Like other industries around the world, commercial maritime is going through an intense period of digital transformation. From paperless ports and predictive maintenance to fuel-consumption sensors and analytics, the opportunities to lower costs and improve productivity are enormous.
But unlike most industries, maritime’s critical assets are afloat, far from the ground-based networks that connect ports, factories and offices. Connecting seaborne digital devices and applications around the clock takes a complicated mix of VSAT, L-band satellite, LTE and Wi-Fi, varying with the vessel’s location. Managing it and keeping it cost effective is hard.
In the time of COVID19, it is also more important than ever. Trade flows have become more unpredictable. Regulations change from week to week to protect populations. And seafarers are spending extended time on board, increasing the need to connect with family and friends by video, social media and email.
Significantly Smarter Network Management
To meet these challenges, Speedcast developed a smarter network management system specifically for maritime called SIGMA. It consists of network devices on board and management services in our network and the cloud. In a single platform, it provides automatic management of our global network, turning many transmission paths into one wide area network. Its powerful dashboards give administrators end-to-end visibility into all remote sites and applications, and Virtual Machines let companies run their applications on the network, which reduces IT costs without sacrificing performance. It includes integrated cybersecurity as a service with no extra hardware. So vessels stay securely connected, wherever they are, and critical applications keep working, whatever network they run on.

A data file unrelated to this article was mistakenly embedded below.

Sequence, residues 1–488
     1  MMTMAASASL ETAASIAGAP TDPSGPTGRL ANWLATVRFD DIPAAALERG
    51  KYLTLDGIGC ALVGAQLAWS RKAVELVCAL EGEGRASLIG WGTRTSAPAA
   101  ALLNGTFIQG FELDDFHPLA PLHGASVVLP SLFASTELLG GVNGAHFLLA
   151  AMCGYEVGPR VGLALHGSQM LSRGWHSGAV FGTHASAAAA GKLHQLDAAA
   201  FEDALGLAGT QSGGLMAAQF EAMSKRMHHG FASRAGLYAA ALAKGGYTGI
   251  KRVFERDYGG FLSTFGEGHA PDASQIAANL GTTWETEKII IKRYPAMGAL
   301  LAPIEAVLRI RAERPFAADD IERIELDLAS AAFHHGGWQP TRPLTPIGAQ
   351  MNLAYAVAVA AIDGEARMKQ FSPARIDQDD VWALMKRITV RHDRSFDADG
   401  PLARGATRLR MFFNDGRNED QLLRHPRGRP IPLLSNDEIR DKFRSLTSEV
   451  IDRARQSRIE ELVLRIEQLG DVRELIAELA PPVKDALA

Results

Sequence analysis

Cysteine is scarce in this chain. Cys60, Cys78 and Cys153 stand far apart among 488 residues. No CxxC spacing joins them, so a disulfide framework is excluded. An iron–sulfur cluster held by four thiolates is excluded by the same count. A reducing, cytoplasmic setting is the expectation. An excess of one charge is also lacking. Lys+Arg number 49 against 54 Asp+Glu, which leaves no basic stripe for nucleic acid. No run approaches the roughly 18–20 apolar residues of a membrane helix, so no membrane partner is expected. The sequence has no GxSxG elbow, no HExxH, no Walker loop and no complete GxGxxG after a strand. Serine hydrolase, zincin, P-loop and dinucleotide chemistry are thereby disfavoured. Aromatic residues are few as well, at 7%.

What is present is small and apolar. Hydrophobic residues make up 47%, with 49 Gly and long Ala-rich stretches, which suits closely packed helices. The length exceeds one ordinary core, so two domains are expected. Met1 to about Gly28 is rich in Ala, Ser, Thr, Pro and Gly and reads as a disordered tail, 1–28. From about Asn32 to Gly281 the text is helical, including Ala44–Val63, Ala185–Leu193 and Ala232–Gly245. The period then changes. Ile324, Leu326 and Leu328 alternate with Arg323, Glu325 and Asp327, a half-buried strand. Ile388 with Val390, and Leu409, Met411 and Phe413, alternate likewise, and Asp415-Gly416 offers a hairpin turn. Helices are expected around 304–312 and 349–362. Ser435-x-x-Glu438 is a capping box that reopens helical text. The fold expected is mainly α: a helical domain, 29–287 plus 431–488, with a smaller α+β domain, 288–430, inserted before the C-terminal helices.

Its roots may be in maritime, but SIGMA is finding a place in nearly every industry, from oil & gas and mining to NGOs, first responders and remote government sites. If it’s remote, it can be better controlled with SIGMA.
Today’s digital revolution is an extension of the same automation trends that business has pursued for a century. The difference today, for maritime, is that the communication networks making all this automation possible can be just as automated and efficient as the applications that run on them.